The Dynamics of Social Exclusion in Europe

The Dynamics of Social Exclusion in Europe

Comparing Austria, Germany, Greece, Portugal and the UK

Edited by Eleni Apospori and Jane Millar

Issues of poverty and social exclusion are high on the European policy agenda. The Dynamics of Social Exclusion in Europe reports findings from a study funded by the European Commission, using data from the European Community Household Panel, with a multi-dimensional approach to international comparisons of poverty and social exclusion. The research, building upon that of the preceding book – Poverty and Social Exclusion in Europe – compares four groups who are anticipated to be at particular risk of poverty and social exclusion; young adults, lone parents, the sick or disabled, and those retired from employment.

Chapter 2: The risk of multidimensional disadvantage and social exclusion during four life stages in a dynamic perspective

Panos Tsakloglou

Subjects: social policy and sociology, comparative social policy, sociology and sociological theory

Extract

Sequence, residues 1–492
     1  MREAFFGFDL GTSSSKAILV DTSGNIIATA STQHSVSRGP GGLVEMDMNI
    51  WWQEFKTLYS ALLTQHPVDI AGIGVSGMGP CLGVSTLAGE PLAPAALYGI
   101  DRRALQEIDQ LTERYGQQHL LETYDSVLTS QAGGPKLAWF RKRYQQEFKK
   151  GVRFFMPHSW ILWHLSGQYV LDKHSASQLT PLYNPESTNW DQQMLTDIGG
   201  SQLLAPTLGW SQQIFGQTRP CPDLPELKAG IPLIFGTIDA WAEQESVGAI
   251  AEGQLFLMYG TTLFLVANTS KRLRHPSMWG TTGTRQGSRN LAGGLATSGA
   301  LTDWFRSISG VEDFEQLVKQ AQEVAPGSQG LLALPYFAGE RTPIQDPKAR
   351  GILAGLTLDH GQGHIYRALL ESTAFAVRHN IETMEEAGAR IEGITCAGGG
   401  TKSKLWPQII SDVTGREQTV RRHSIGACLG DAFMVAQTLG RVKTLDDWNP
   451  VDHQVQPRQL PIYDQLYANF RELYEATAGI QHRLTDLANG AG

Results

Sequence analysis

Panos Tsakloglou INTRODUCTION Tsakloglou and Papadopoulos (2002) analysed the risk of multidimensional disadvantage and social exclusion of four risk groups – retired persons, sick or disabled persons, young adults and lone parents – in comparison with the living standards of the entire population from a static point of view in five EU member states (Austria, Germany, Greece, Portugal and the UK) using the micro data of the second wave of the European Community Household Panel (ECHP). The purpose of this analysis is to repeat this exercise in a dynamic framework, using the data of the first three waves of the ECHP, which cover the period 1994–6. Naturally, this limited time span is less than ideal for a dynamic analysis, but this was the only ECHP information available during the implementation of our project. For the purposes of the main part of the analysis, comparisons are performed in terms of low income (poverty), and relative deprivation in the fields of housing amenities, ability to afford particular durable goods and household necessities. In broad terms, the results of the static analysis show that a number of similarities and differences can be identified in these five countries with respect to the relative welfare position of the four risk groups under examination. According to most of the indices used, two of these groups – members of lone-parent households and sick or disabled persons – face a substantially higher risk of poverty, non-monetary material deprivation and multidimensional disadvantage than the average population member in all...

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